British ISIS bride tells how she was radicalised by ‘racism’ in London before descending into ‘hardcore’ jihad in Syria
A BRIT who travelled with her terror convert husband to ISIS-held Syria has told of her radicalisation — and how she only had children to raise them as killers.
Tania Choudhury, 33, wed jihadi nut John Georgelas after she became hooked on extreme Islamist ideology after the 9/11 atrocity.
Growing up in London, she said she went into school aged 17 the day after the September 11 attack and told a pal, “Isn’t it dreadful what happened”, to which she replied: “Is it really?”.
“At that point I became really jihadi hardcore,’ she told The Atlantic magazine.
The comprehensive interview, which covers her descent into ISIS fanaticism, tells how Tania suffered racist attacks which first opened her to the idea to “retaliate”.
Growing up as one of five children to British-Bangladeshi parents in Harrow, North West London, she said: “I faced a lot of racism.
“We had bad neighbours, they would smash our windows, but generally I just felt like an outsider.
“I was looking for a way to retaliate.”
After the turning point moment of 9/11, Tania began attending anti-British rallies and signed up to a forum to meet like-minded partners.
She was contacted by American John Georgelas, the son of former US military doctor Colonel Timothy Georgelas and his wife Martha.
Georgelas, who was a rebel youth that turned to hard drugs before converting to radical Islam, began sharing with Tania his dream of a new Muslim caliphate — achieved through brutal terror.
The pair fell madly in love, and as The Atlantic describes, they “fantasized about becoming a family of itinerant holy warriors, a sort of Islamic version of the Von Trapps, substituting slaughter of infidels for Alpine show tunes”.
They wed in Rochdale, Gtr Manchester, in October 2004, and spent the next nine years growing their terror family.
Tania herself admitted: “I’ve had these children for one reason only, and that was so they could serve God as Muslims, as mujahideen.”
“Our dreams were to have land of our own, raise a family and train them to be assassins or whatever, soldiers, and then eventually go join the jihad”.
By 2013, Georgelas and Tania had three children and were expecting their fourth.
Then, in a moment that changed their lives, ISIS sprang up in the ruins of war-torn Syria and began rampaging through northern Iraq.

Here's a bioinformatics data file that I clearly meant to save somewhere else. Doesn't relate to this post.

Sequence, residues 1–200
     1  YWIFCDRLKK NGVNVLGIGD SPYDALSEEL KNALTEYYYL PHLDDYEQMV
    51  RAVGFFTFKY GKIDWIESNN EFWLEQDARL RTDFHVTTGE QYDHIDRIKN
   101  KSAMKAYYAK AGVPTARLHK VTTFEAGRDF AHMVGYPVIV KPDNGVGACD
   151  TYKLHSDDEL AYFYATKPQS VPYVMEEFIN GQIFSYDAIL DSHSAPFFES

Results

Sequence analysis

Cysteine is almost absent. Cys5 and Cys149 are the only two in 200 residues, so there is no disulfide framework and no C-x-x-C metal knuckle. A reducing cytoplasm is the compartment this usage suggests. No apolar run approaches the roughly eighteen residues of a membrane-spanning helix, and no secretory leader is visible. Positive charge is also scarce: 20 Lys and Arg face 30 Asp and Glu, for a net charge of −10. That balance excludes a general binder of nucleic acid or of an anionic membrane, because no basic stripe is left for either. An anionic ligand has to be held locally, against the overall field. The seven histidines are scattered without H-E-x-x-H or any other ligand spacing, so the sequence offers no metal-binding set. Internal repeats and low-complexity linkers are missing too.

“John wanted to go to Syria, and I said I wasn’t ready, not while the kids are small,” Tania said.
Despite this, the family made their way in August that year to join their warped comrades, staying at an abandoned villa of a Syrian general in the town of A’zaz.
The dilapidated conditions were a shock. There was no running water, food was scarce and Tania and her children were quickly struck down with severe infections.
It was only months later that Tania reached a moment of clarity and realised she needed to escape the terror — and turn her back on jihad forever.
Her parents-in-law set her up to navigate a safe passage from Syria to Turkey before flying to safety to join them in Plano, Texas, where she now remains with her five children.
She was granted a divorce, and has begun dating again as she tries to turn her life around.
Tania said: “I went to the dating website Match, I wrote an essay: ‘I have four kids, my husband abandoned me to go become the next Osama bin Laden’. I got 1,300 replies.”
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Of her 44-year-old former husband, known among ISIS fighters as Yahya al-Bahrumi, she said: “He thought what he was doing was for the greater good.
“I can’t help but love him. I don’t know how to make that feeling stop.”
Her interviewer in The Atlantic, Graeme Wood, is an ISIS expert who wrote that his impression of Tania was that she seemed reformed.
Wood wrote: “She never, in my conversations with her, advocated violence or seriously regretted leaving John at the Syrian border.”
“And yet there are signs – not of violence,” he added, “but of a permanent effect of her jihadist brainwashing”.
The interview appeared in the latest edition of The Atlantic, which was published on Friday.
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